UCL Discovery
UCL home » Library Services » Electronic resources » UCL Discovery

Interaction mechanism of short-pulse laser radiation with ocular tissues and their clinical implications.

Sliney, David H.; (1991) Interaction mechanism of short-pulse laser radiation with ocular tissues and their clinical implications. Doctoral thesis (Ph.D.), University College London. Green open access

[img] Text
Interaction_mechanism_of_short.pdf

Download (17MB)

Abstract

Traditional laser photocoagulation of the retina requires CW exposures of the order of 0.1 s. An extensive literature exists on thermal damage mechanisms and biological sequellae of coagulation. By contrast, the biophysical mechanisms of pulsed laser interactions are poorly uiiderstood. The use of photodisruption and photoablation by submicrosecond laser pulses to cut tissue has recently gained considerable clinical attention. In addition, selective photocoagulation of localized target tissue would also require short-duration pulses. The biophysical mechanisms of short-pulse laser interaction with tissue will influence the surgical outcome. Without a full understanding of these mechanisms, the new and the potential ophthalmic applications of pulsed lasers cannot be optimised, nor can one accurately predict potential delayed effects. The aim of the research reported in this thesis has been first to study the biophysical mechanisms in a series of experiments and then to consider how to optimise laser exposure parameters in relation to the desired surgical effect while minimizing undesirable collateral effects. Focal laser interaction with target tissue may produce adverse effects to non-target tissues from photochemical, thermal and acoustical phenomena. Acoustical, mechanical impulse, and other phenomena which differ between mode-locked and Q-switched exposures were investigated. Optical breakdown, thermo-acoustic effects, photochemical ablation, thermal vaporization and selective photothermal coagulation are all considered.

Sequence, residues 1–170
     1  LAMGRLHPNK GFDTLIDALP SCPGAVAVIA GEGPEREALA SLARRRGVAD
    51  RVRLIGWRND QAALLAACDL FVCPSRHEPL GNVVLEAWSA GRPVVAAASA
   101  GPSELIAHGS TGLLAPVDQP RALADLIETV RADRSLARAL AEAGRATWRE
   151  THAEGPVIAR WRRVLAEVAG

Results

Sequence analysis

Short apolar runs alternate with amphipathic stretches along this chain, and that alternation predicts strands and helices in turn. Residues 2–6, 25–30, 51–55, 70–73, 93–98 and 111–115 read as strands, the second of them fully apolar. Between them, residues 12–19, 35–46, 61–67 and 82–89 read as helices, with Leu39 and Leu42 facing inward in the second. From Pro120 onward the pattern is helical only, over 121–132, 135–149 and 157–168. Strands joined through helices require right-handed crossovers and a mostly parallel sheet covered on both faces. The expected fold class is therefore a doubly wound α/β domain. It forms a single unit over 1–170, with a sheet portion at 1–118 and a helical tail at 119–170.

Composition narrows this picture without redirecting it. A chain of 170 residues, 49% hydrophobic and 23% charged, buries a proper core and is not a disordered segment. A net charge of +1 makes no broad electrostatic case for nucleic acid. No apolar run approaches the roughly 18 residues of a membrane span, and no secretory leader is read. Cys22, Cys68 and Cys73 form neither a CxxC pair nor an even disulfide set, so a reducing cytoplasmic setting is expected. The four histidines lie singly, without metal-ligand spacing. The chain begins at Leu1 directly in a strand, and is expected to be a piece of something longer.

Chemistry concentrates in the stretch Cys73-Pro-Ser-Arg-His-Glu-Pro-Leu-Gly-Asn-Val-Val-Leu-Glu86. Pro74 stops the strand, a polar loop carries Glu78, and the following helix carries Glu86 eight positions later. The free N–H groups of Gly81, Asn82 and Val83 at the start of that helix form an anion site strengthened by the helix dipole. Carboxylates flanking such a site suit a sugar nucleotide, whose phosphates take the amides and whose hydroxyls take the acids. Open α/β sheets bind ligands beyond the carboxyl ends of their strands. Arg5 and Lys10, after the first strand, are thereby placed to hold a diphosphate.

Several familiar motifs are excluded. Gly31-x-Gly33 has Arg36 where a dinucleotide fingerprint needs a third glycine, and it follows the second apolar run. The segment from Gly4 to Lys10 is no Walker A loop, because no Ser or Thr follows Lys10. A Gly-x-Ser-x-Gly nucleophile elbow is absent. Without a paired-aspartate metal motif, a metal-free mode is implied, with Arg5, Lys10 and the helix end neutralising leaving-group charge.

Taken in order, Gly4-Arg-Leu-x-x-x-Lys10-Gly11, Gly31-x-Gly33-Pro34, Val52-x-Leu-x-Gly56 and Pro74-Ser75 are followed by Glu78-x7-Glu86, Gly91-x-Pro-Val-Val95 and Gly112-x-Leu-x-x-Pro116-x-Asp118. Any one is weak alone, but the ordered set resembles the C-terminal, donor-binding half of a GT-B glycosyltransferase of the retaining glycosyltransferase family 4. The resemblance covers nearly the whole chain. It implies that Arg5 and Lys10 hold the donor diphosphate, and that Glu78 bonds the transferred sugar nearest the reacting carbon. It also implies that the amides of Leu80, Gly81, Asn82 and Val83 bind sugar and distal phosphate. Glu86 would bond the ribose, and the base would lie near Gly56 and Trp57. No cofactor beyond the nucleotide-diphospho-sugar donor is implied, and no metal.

Type: Thesis (Doctoral)
Qualification: Ph.D.
Title: Interaction mechanism of short-pulse laser radiation with ocular tissues and their clinical implications.
Open access status: An open access version is available from UCL Discovery
Language: English
Additional information: Thesis digitised by Proquest
URI: https://discovery.ucl.ac.uk/id/eprint/10107892
Downloads since deposit
8Downloads
Download activity - last month
Download activity - last 12 months
Downloads by country - last 12 months

Archive Staff Only

View Item View Item